1. Are you really a vet?
No. Ha! Yes, I am, I just wanted to see if you were paying attention.
2. Where did you go to school?
University of California, Davis. I’d brag about that but I leave that to the people at that OTHER vet school. You know the one. You can tell a Davis grad by asking them this question: What did you do at the Smoker? If they stammer and refuse to answer, they are an Aggie.
3. Are you available to write for our site, speak at our conference or do other media work?
I do freelance writing and contribute to local media as a health and lifestyle expert. I am also available for speaking engagements.
4. Can you answer a few questions about my cow and lizard?
No. The day I passed the board exams was the last time I knew anything about cows. I never knew anything about lizards, even during the boards.
5. OK then, how about a question about my dog? I’ll be quick.
Let me be unfortunately and under orders from a qualified lawyer clear: I cannot diagnose, prescribe, or make treatment recommendations for your pet. It’s almost impossible to do accurately over the net anyway, and even if it weren’t, I legally can’t. That requires a Veterinarian-Client-Patient-Relationship. You and I have a Casual-Internet-Acquaintance.
Questions about your pet’s health condition will always be answered the same way: do what your veterinarian says.
On that note, while I talk about certain medical conditions from time to time, allow me to write in small print my medical disclaimer:
The information contained here is intended solely for the general information of the reader. It is not intended to diagnose health problems or to take the place of professional medical care. The information contained herein is neither intended to dictate what constitutes reasonable, appropriate or best care for any given health issue, nor is it intended to be used as a substitute for the independent judgment of a veterinarian for any given health issue.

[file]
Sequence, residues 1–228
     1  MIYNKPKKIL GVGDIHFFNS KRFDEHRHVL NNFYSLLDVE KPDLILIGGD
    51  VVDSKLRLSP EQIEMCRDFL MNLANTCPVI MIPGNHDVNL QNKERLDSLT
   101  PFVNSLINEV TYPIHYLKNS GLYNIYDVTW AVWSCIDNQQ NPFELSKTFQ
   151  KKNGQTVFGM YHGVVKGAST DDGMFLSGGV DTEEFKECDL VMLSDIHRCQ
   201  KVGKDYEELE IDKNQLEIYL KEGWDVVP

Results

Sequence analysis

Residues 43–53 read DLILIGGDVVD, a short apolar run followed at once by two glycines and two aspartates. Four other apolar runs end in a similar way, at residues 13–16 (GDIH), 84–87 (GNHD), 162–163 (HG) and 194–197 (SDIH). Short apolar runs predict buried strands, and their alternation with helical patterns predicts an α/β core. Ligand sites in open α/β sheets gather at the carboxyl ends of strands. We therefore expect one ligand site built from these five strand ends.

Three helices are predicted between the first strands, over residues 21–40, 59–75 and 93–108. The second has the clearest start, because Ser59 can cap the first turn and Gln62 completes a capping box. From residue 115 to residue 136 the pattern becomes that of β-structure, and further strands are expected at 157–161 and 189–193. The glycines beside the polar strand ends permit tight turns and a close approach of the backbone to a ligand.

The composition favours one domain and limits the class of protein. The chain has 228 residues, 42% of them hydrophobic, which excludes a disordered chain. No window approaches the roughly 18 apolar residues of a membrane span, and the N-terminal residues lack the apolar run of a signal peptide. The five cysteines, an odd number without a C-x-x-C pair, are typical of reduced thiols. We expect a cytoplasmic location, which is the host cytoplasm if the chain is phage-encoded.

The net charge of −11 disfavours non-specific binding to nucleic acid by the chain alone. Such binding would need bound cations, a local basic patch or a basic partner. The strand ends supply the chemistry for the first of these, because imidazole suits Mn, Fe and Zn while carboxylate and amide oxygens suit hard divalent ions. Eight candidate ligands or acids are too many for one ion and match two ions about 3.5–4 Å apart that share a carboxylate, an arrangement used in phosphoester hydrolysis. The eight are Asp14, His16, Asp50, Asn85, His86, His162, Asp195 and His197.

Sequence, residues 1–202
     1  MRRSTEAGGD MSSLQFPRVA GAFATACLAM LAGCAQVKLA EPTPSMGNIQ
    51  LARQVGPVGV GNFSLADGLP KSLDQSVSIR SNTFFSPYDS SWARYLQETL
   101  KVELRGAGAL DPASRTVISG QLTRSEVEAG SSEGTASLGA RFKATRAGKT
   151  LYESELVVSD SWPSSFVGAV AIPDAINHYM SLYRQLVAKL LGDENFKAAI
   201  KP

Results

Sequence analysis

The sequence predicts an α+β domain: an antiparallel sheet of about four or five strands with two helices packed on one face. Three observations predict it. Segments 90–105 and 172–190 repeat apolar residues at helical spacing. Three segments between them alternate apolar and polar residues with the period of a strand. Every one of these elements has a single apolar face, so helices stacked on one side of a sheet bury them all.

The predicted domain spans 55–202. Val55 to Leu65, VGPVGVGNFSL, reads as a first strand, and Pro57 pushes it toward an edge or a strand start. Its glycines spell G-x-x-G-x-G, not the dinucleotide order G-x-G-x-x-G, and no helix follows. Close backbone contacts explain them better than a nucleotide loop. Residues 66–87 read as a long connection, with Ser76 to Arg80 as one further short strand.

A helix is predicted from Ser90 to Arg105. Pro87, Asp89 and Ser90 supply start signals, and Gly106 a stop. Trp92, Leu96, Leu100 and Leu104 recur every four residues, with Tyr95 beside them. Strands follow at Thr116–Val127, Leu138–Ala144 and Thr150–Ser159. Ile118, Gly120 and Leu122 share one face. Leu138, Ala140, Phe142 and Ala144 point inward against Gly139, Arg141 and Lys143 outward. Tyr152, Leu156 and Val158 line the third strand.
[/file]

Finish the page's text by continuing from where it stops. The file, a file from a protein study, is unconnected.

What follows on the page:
In other words, if you have a question about your dog, you should see your awesome local vet and not take my word for anything, even given my answer to question 1.
6. I want to be a vet. How do you do it? Where do you go? How long does it take? How many hours do you need to volunteer? Which are the best schools, in what order are they ranked, and what is the approximate cost of education and number of applications per seat for each?
Darned if I remember. You may want to start here. I know this: yes, you need math, yes, you put your arm into a cow’s rectum within a month or two of arriving, and I will be repaying loans until I retire. The rest is a blur.
7. What do I call you? Dr. V? J-dawg?
This is strangely enough probably the most frequently asked question I get. No, really. Let me break it down for you:
My name is Jessica Vogelsang, DVM. Obviously you aren’t going to call me that unless you’re a spambot from overseas, so here are your options:
Dr. V/ Dr. Vogelsang: This is what you call me if you want something from me. Hint hint. Either will do.
If you’ve bought me a drink at any point in our relationship, Jessica will do.
8. Can I write a guest post for you?
We are not accepting guest post submissions at this time. Please don’t be offended if you do not get a response as we get multiple a day.
9. You’re a vet? You must love your animals more than your kids, you dog loving hippie nut.
Oh yes, my kids share a room so that Brody and Apollo can have a room all to themselves. They in fact sleep in a broom closet like Harry Potter while Brody rests his furry head on 800 thread count sheets.
Sarcasm aside, I only like my animals better than some people. Like you.
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